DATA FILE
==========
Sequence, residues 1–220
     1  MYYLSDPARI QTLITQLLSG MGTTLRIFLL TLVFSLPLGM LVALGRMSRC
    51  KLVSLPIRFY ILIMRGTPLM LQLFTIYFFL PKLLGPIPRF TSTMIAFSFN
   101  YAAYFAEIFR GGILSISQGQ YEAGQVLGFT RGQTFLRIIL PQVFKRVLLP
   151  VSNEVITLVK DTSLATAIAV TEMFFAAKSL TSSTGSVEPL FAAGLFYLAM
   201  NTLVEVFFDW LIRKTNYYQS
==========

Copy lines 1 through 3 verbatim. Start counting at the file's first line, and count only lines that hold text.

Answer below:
Sequence, residues 1–220
     1  MYYLSDPARI QTLITQLLSG MGTTLRIFLL TLVFSLPLGM LVALGRMSRC
    51  KLVSLPIRFY ILIMRGTPLM LQLFTIYFFL PKLLGPIPRF TSTMIAFSFN